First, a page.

Adam Katseff: The States Project: California
I first met Adam Katseff via Sasha Wolf in New York. It was September 2014. He was preparing for an upcoming show while I had my fingers crossed that one might be in my future as well. Adam’s conversational nature, good humor, and relentless commitment to image making were immediately recognizable. We dove into historical references and current topics within the medium, and I’ve since had the pleasure of witnessing his immense curiosity and persistent, evolutionary drive. In this series, Adam’s images are intrinsically tied to early photography made in California and the Western United States, yet a self-awareness and highly formal engagement make them undeniably current and relevant to photography at large. In a contemporary art market so often dominated by cold concepts, Adam has tremendous success making and selling work with which people want to spend their lives.
Adam Katseff was born in North Andover, Massachusetts and currently lives in Palo Alto, California. He received a BFA from Massachusetts College of Art, and an MFA from Stanford University. He was the recipient of the Murphy and Cadogan Contemporary Art Award, Anita Squires Fowler Award, and was recently the first recipient of the Sidney Zuber Photography Award. Katseff’s work has been shown internationally in recent exhibitions at the Phoenix Art Museum. Nevada Museum of Art, and The Hearst Galleries. His work can be found in numerous public and private collections including the Nelson Atkins Museum and the Nevada Museum of Art. He is represented by Sasha Wolf Gallery in New York City.
The subjects of my recent work are at the same time familiar and elusive. The outline of the image is easy to see one can quickly conjure the lake, the river, the waterfall standing out against the dark background but, as with memory, our imagination must supply the rest. This is the goal of my current series; to present the viewer with a partial landscape and invite them to compose the rest themselves. In this way the images become at once universal and deeply personal; an exploration of the line between physical space and our psychological relationship to it. Each viewer must invest their own experience, their own subconscious into the work to make it whole, and each comes away with an impression based partly in reality, and partly of their own creation. The scenes depicted in my work harken to the classics of the landscape genre, while at the same time using the methods and aesthetics of minimalist painting to distill their natural grandeur into simple essences. Through this series I hope to reinvent what it means to visually engage with the land, turning often photographed scenes into an exercise in nostalgia, perception, and a study in abstract elemental form.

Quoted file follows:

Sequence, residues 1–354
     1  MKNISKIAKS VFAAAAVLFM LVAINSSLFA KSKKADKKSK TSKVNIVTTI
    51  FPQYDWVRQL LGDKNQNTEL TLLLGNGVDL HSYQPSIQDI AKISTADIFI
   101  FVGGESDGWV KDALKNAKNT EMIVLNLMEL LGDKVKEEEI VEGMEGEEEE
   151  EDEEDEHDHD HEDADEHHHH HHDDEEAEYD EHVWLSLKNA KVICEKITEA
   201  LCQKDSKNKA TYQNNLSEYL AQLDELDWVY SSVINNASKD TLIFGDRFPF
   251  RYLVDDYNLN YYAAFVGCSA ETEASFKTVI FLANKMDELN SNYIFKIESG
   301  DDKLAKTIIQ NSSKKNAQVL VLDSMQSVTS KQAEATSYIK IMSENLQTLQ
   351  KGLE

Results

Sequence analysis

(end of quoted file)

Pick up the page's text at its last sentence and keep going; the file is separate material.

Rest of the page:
Let’s start with some bio. You moved to California for graduate studies at Stanford and have stayed, now teaching at the University correct? What percentage of your photographic life has been spent on the west coast vs. east coast and, beyond the choice of subject matter, how did this relocation impact how you make pictures?
That’s right, I moved to California in 2010 for Stanford’s studio art MFA program, and I’ve been teaching there since I graduated – just enough to keep me grounded and inspired by fresh eyes. In terms of my identity as an artist, I’m just now realizing that we’re getting close to 50/50 in terms of time spent on each coast. It’s freaking me out! I still very much identify as an East Coaster, and think that this split sense of geography vs self has had a big influence on my work. Beyond just being a new place, I allowed myself to think of California, of grad school, of this new chapter of my life as a hard restart. It was a convenient and complete context shift that forced me to reconsider not just what I made work about, but who I was as an artist beyond my sense of self, my previous work, my sense of place and belonging in the world. I wanted to move on from the more personal, intimate pictures I had been making at home, where I had deep roots in both the land and the people.